River’s edge: Citizens watch a battle unfold in the Chinese war epic ‘The Eight Hundred’.
THE EIGHT HUNDRED **1/2 (149 minutes; subtitled) MA
For all the sweep and grit of its many visually impressive battle scenes, the historical Chinese war drama The Eight Hundred is essentially a large-scale curio to Western filmgoers, for whom the film was not designed.
Set in 1937 during the brutal war between China and the invading Japanese forces, the film recounts the last stand taken by a rag-tag group of Chinese soldiers and civilians in a Shanghai warehouse on the banks of the Suzhou River.
While the warehouse side of the city is shattered and smouldering, a few metres away on the other side of the river is the neutral zone, a neon-lit sanctuary bustling with well-dressed civilians and British soldiers with orders to prevent any Chinese soldiers from crossing over, either by bridge or by quietly duck-paddling across the narrow divide.
By all accounts the film’s recreation of the huge four-day battle, orchestrated by director Guan Hu, is historically on point for its ferocity. There’s certainly no arguing with the bleak spectacle unleashed here.
Shot entirely in the giant-screen Imax format, the scale and period detail are often jaw dropping. The carnage is massive and the unflinching brutality of the fighting includes some hard-to-watch scenes where soldiers are forced at gunpoint by a sadistic commander to execute prisoners.
Alongside the battle is the drama unfolding on the “safe” side of the river as people observe the fighting in relative comfort, save for the odd spray of wayward bullets. They even use a catapult to send food over.
With all this going on there isn’t exactly a lot of time to develop any of the dozens of characters, save for a few who distinguish themselves through bravery. Unfortunately, Guan Hu’s default setting when directing his actors is a tad melodramatic, so the performances aren’t as compelling as visuals.
Still, when it comes to the film’s key flag-raising sequence – a moment of suicidal defiance by the Chinese soldiers against their powerful Japanese adversaries – he sure knows how to rouse national pride by alternating between wide shots of battle and close-ups of brave soldiers.
Western viewers will naturally digest such moments differently than their Chinese counterparts, for whom the film was designed as an ode to patriotism and sacrifice for the greater good.
So, while the film works as a wartime spectacle, most viewers beyond China’s borders will struggle to engage with the film’s highly emotional appeal in celebrating the valour of these soldiers.
The film, which cost about $US80 million (half of what it would have cost in Hollywood), has been a monster hit with its target homeland audience, making around half a billion dollars since opening on 21 August.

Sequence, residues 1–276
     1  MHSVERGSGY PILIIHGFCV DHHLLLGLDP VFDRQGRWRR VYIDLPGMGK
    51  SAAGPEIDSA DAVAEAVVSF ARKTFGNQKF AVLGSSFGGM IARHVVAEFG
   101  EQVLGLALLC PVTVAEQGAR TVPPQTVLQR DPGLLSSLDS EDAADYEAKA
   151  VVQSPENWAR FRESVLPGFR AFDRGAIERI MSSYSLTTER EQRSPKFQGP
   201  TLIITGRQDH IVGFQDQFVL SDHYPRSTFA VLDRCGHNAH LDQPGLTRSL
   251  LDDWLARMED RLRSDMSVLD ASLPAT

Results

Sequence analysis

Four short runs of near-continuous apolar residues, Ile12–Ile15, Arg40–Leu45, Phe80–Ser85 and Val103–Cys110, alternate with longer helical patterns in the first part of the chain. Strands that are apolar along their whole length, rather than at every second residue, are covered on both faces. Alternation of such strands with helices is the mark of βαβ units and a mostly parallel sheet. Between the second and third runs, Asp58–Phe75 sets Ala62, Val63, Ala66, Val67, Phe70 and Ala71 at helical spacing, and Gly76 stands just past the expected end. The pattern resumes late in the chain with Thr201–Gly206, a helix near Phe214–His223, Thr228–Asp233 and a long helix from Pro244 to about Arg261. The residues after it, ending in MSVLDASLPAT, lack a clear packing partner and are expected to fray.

No surprises there. The events depicted in The Eight Hundred are held in extremely high regard by regular Chinese folk, and the actual warehouse involved has been preserved as a shrine for tourists and citizens.
Yet the film has been the focus of much controversy in China over censorship.
In June 2019, with almost no notice, the film was dropped as the opening film at the Shanghai International Film Festival. A week later its planned release across China was cancelled.
What happened? While no official explanation was ever offered, The Eight Hundred apparently upset senior Communist officials and film censors over its big-screen glorification of Kuomintang – Chinese Nationalist – soldiers. The fighting lads of Mao Zedong’s Communist Party never got a look in.
With this year’s 70th anniversary of the People’s Republic the film’s literal salute to the Kuomintang flag was deemed to be in poor taste, regardless of the movie’s appeal to a broader patriotism.
This move came shortly before the film One Second by renown Chinese director Zhang Yimou was pulled from the Berlin International Film Festival in February, again for offending the delicate sensibilities of Communist Party officials.
Ultimately, The Eight Hundred reportedly underwent some snipping, which apparently accounts for why the Nationalist flag, while it is raised and saluted in the film, is never seen in close up.
It’s horrible when governments interfere with art for political reasons. The one good thing about this incident is that it was greeted with widespread hostility from China’s film folk, who saw nothing healthy about the interference, and bravely said so.
The hope underlying all this is that cinema will help bring positive change to China.
China’s film market is now about as big as Hollywood’s, and the Chinese people absolutely love Western movies. The signs are growing that film culture is exposing them to more enlightened values than will one day permit historically accurate films to be shown without being forced through a political filter.